From icons like the Colosseum and the Vatican, to little-visited ancient ruins, spectacular art, and some of the country’s finest food, the Eternal City really is the trip of a lifetime.
For the best of ancient Rome, head to Campitelli. Just southeast of the modern city centre, Campitelli’s places to visit include the Forum and Palatine Hill, and it’s bordered by the Colosseum and Circus Maximus.
A ticket to the Colosseum also includes entry to the Roman Forum and onto the Palatine Hill, where the emperors lived. Meanwhile, on the area’s northern border is the “ghetto” – the Jewish quarter since the Middle Ages. Rome’s Jewish community invented many of the city’s most famous dishes and even today the area is known for its restaurants. Try the upscale Piperno, established in 1860.
The fashionable heart of Rome, Campo Marzio has the Villa Borghese park forming its eastern border and the River Tiber its west. It runs north to south from the grand Piazza del Popolo to just above the Trevi Fountain. A visit to Piazza di Spagna and the Spanish Steps are among the most interesting things to do in the neighbourhood, while the streets radiating out around them, such as Via dei Condotti, are known for their designer shops.
The area has a wealth of cultural sights like the Keats-Shelley House, overlooking the Spanish Steps, which has been transformed into a little museum tracing the Romantic poets in Italy. Campo Marzio is also home to some unique things to do – the Ara Pacis is a freestanding open-air altar made to celebrate the emperor Augustus’s victories abroad in 13 BCE; its marble facade is carved with astonishingly lifelike figures. The Mausoleum of Augustus – his burial place, along with that of most of the Roman emperors – is another fascinating place to visit.
Campo Marzio is home to some great places to eat – Due Ladroni is a traditional celebrity favourite, while cosy Otello alla Concordia is tucked behind Piazza di Spagna. The dishes to try are Rome’s quartet of famous pasta dishes: amatriciana, cacio e pepe, gricia (a tomato-free amatriciana) and carbonara. As you’d expect, Campo Marzio has some of Rome’s best places to stay. Located on Via Veneto, Rome Marriott Grand Hotel Flora offers rooms overlooking Parco Borghese, while the W Rome dismantles the norm, injecting unapologetic energy into the area. And just by the mausoleum is Elizabeth Unique Hotel, a Member of Design Hotels™, whose Donna E Bistrot sits on a terrace cantilevered over the street.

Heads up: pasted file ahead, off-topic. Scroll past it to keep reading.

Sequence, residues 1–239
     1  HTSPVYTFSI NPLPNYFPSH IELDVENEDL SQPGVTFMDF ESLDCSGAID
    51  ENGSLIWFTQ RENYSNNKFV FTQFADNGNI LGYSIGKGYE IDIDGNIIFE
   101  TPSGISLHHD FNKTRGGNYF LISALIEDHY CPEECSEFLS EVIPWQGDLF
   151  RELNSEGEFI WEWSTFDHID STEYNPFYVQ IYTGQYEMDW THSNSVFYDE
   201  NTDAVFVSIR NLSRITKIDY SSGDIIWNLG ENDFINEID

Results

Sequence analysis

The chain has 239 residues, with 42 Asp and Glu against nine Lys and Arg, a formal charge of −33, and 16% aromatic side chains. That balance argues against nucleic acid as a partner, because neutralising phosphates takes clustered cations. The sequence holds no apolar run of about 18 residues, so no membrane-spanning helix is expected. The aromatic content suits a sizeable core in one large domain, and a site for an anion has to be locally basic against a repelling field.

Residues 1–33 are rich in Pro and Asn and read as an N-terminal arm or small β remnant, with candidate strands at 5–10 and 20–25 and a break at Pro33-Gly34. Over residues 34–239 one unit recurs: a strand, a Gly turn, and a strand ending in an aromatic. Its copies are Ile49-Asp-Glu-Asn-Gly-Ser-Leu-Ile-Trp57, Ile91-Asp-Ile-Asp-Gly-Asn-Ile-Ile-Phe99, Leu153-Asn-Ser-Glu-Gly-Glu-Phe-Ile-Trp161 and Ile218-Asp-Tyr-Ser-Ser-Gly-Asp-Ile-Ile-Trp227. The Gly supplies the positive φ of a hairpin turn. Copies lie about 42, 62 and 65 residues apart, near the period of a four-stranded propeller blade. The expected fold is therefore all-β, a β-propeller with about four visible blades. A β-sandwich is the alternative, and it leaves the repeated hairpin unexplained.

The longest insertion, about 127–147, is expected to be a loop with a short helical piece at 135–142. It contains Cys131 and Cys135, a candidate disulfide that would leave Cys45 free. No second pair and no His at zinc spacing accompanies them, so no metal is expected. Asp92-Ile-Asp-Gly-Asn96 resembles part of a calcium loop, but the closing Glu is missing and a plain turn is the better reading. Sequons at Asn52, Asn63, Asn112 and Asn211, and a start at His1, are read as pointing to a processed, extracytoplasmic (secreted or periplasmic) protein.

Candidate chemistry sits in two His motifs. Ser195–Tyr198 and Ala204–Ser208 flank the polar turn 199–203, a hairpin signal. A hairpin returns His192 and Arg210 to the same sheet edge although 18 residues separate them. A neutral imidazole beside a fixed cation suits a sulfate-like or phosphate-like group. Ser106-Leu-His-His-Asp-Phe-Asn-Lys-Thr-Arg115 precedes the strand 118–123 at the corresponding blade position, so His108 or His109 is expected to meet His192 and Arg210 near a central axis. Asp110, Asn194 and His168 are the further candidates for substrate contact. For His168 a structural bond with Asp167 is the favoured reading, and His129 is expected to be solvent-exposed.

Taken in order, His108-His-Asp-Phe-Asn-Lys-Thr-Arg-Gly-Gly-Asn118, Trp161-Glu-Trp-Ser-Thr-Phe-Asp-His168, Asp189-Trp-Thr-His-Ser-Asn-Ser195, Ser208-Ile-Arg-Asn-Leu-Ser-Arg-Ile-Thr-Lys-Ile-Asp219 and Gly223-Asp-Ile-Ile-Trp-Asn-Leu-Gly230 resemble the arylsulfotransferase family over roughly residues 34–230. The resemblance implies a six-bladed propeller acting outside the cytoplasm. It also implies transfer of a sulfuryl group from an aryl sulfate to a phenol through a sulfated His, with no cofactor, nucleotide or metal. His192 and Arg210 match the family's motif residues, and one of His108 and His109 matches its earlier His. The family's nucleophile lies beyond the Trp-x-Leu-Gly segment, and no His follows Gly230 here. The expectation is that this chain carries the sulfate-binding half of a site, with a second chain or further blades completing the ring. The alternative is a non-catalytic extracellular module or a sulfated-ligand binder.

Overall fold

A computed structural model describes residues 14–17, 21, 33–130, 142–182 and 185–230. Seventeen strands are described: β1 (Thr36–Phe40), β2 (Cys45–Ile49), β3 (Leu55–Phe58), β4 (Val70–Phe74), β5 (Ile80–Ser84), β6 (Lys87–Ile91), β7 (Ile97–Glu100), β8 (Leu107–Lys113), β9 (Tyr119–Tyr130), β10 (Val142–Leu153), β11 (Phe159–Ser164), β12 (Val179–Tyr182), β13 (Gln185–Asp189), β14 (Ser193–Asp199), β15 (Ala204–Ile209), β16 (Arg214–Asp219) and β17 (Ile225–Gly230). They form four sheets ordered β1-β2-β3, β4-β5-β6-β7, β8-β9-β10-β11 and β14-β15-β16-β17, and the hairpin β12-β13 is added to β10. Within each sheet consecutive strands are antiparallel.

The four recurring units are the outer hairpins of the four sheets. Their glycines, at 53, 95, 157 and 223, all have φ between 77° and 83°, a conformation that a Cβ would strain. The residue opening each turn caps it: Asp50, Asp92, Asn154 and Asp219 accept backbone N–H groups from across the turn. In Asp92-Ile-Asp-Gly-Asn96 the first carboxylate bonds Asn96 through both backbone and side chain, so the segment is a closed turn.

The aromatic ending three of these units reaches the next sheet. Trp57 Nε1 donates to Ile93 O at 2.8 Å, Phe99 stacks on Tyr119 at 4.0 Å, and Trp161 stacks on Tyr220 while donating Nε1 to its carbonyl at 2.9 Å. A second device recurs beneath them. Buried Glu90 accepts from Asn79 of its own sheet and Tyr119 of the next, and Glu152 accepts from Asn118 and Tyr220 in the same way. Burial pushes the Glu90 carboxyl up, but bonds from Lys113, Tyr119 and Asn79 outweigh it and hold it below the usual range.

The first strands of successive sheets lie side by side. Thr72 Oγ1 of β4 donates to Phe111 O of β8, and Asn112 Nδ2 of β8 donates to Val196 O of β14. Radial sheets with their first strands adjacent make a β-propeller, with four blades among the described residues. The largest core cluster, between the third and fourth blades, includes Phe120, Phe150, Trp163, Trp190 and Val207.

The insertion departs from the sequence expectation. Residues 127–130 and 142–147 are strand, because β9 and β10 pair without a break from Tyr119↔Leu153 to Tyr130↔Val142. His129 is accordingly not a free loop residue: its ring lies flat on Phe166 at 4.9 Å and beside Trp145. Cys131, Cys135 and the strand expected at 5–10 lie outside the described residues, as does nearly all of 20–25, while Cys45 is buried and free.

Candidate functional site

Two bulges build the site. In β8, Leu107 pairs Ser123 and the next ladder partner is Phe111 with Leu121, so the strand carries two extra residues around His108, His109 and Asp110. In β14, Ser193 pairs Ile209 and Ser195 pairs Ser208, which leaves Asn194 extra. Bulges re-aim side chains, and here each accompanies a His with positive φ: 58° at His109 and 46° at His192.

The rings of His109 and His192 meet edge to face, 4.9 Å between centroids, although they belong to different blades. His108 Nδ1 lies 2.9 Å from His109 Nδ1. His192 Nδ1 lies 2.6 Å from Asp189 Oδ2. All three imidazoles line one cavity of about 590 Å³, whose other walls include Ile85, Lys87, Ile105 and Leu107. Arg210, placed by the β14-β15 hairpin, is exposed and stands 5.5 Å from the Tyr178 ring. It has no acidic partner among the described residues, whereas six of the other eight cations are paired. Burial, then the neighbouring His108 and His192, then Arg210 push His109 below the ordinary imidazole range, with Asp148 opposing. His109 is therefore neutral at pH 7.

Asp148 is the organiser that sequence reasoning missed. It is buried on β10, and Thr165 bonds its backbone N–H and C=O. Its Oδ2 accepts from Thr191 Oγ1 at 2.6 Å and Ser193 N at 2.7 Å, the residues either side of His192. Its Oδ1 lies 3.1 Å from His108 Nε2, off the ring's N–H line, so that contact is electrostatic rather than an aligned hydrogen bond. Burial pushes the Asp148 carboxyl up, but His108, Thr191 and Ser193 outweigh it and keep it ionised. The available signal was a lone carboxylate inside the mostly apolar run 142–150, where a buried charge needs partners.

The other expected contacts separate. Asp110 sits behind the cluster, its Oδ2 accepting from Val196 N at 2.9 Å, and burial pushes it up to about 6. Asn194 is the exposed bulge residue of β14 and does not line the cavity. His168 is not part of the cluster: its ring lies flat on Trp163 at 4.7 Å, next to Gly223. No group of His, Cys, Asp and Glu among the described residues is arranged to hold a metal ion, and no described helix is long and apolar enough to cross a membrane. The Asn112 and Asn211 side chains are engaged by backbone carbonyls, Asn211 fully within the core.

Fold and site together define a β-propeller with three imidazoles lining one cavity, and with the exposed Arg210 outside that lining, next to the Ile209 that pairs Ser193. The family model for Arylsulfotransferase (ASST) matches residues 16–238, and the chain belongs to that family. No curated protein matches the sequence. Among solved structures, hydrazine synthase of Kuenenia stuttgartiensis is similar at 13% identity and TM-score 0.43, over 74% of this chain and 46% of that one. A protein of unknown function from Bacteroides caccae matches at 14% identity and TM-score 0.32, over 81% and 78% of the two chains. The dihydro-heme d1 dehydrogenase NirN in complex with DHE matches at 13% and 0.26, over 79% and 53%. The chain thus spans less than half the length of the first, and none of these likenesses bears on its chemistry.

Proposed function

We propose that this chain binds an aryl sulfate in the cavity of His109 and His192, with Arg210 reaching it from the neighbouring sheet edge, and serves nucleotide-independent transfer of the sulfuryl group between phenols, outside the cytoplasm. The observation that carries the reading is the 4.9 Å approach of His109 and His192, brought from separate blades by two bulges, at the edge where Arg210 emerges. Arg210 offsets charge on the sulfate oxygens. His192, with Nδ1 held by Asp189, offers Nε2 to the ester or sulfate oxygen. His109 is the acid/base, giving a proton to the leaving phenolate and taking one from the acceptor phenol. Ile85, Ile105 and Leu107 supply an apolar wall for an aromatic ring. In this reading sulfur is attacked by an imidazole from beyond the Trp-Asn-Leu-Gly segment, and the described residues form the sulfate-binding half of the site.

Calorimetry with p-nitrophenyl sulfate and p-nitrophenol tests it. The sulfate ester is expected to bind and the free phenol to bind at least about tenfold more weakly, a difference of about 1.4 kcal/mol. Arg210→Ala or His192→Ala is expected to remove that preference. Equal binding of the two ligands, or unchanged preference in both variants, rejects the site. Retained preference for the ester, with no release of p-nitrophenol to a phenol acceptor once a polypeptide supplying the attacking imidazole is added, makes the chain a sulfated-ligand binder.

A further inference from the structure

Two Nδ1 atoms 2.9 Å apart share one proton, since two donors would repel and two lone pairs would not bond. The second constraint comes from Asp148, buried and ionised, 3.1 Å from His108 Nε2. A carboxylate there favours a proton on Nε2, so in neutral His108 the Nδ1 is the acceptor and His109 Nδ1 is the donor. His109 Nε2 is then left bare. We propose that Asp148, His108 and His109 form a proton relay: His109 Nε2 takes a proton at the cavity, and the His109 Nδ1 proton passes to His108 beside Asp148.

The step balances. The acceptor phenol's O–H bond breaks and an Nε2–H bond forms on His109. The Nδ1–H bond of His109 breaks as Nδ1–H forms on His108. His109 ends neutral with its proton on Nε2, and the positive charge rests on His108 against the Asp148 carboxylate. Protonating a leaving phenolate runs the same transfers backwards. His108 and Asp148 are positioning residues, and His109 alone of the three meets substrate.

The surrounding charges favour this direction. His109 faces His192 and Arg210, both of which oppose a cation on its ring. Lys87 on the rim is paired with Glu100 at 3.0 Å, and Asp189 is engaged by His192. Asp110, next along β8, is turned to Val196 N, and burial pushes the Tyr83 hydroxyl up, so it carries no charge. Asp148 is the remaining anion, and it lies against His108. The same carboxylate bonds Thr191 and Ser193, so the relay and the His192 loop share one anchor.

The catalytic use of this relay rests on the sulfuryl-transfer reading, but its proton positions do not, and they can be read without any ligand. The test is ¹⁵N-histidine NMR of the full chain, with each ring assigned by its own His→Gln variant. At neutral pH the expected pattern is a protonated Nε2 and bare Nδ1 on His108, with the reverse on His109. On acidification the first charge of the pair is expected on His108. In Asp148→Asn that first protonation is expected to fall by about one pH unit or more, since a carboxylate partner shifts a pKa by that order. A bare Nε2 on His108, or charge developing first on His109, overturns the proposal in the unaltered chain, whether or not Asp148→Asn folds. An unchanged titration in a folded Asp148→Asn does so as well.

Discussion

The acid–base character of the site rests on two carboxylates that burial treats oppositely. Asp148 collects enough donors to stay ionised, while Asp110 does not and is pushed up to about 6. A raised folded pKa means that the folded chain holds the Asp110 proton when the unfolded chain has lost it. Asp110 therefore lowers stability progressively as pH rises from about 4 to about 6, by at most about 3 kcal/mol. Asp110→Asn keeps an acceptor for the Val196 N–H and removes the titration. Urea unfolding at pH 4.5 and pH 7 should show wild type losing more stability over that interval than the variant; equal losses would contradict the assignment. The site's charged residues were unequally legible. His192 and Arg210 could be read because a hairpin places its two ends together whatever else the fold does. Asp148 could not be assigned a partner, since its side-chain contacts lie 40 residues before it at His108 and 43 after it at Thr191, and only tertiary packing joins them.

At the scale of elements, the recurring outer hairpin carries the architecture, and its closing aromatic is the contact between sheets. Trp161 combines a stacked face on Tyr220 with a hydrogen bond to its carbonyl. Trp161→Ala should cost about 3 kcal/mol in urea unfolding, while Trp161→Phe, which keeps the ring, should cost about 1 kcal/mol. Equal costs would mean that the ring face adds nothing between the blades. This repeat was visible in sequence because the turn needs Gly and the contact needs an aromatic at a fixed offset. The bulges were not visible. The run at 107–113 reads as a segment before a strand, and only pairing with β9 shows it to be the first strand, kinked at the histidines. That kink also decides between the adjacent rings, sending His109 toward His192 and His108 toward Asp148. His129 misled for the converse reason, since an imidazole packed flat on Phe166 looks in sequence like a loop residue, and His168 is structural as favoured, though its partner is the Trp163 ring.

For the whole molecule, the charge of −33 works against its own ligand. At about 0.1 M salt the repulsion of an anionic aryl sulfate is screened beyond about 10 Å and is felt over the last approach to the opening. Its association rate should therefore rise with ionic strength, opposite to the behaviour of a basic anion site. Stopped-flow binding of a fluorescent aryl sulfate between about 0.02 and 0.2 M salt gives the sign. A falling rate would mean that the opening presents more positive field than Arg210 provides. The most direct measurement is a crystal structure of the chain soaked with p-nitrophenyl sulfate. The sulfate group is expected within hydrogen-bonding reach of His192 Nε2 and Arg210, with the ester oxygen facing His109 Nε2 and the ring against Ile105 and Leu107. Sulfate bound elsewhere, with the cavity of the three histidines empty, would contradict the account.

Composed of several smaller neighbourhoods, the historical centre has plenty of fun things to do, from iconic landmarks such as the Pantheon (the huge, domed temple that’s now the burial place of the likes of Raphael) to the elegant Piazza Navona, originally an ancient stadium. It’s also home to some of the city’s best places to stay.
The Pantheon Iconic Rome Hotel, Autograph Collection offers elegantly modern rooms just steps from the famous site, plus a Michelin-starred restaurant: Idylio by Apreda. Across the river, in the chic Prati district close to the Vatican, is Le Méridien Visconti Rome, whose modern rooms overlook the handsome turn-of-the-century apartment blocks typical of this part of town.
Just north of Campitelli, hipster Monti is now the hottest place to be. Initially known as a nightlife area, visitors now also come in the daytime – filled with independent boutiques, one of the best things to do is simply to wander the cobbled streets. On Via del Boschetto at number 1, you’ll find queen of Monti style, Tina Sondergaard, whose classic womenswear in fun, bright fabrics is tailored to your figure right there in the shop. At nearby Per Lei, jewellery designer Kely Paucar makes exquisite pieces from alternative materials. LOL Roma, meanwhile, is a great option for clothes and accessories from small labels, while you’ll find plenty of smaller stalls – from artisans to vintage clothes dealers – at the Mercato Monti, Rome’s hippest market, held on weekends. A 10-minute stroll from Monti, The St. Regis Rome occupies a stunning 19th-century palazzo; its Lumen Garden bar and restaurant feels like a real oasis in the heart of the city.
Rome is a city that never stops moving, so keep an eye on sites such as turismoroma.it for news of temporary openings and special events, especially given the strength of Rome’s contemporary art scene.
Published: July 26, 2022
Last Updated: February 07, 2023
Article Tags: Rome , Italy
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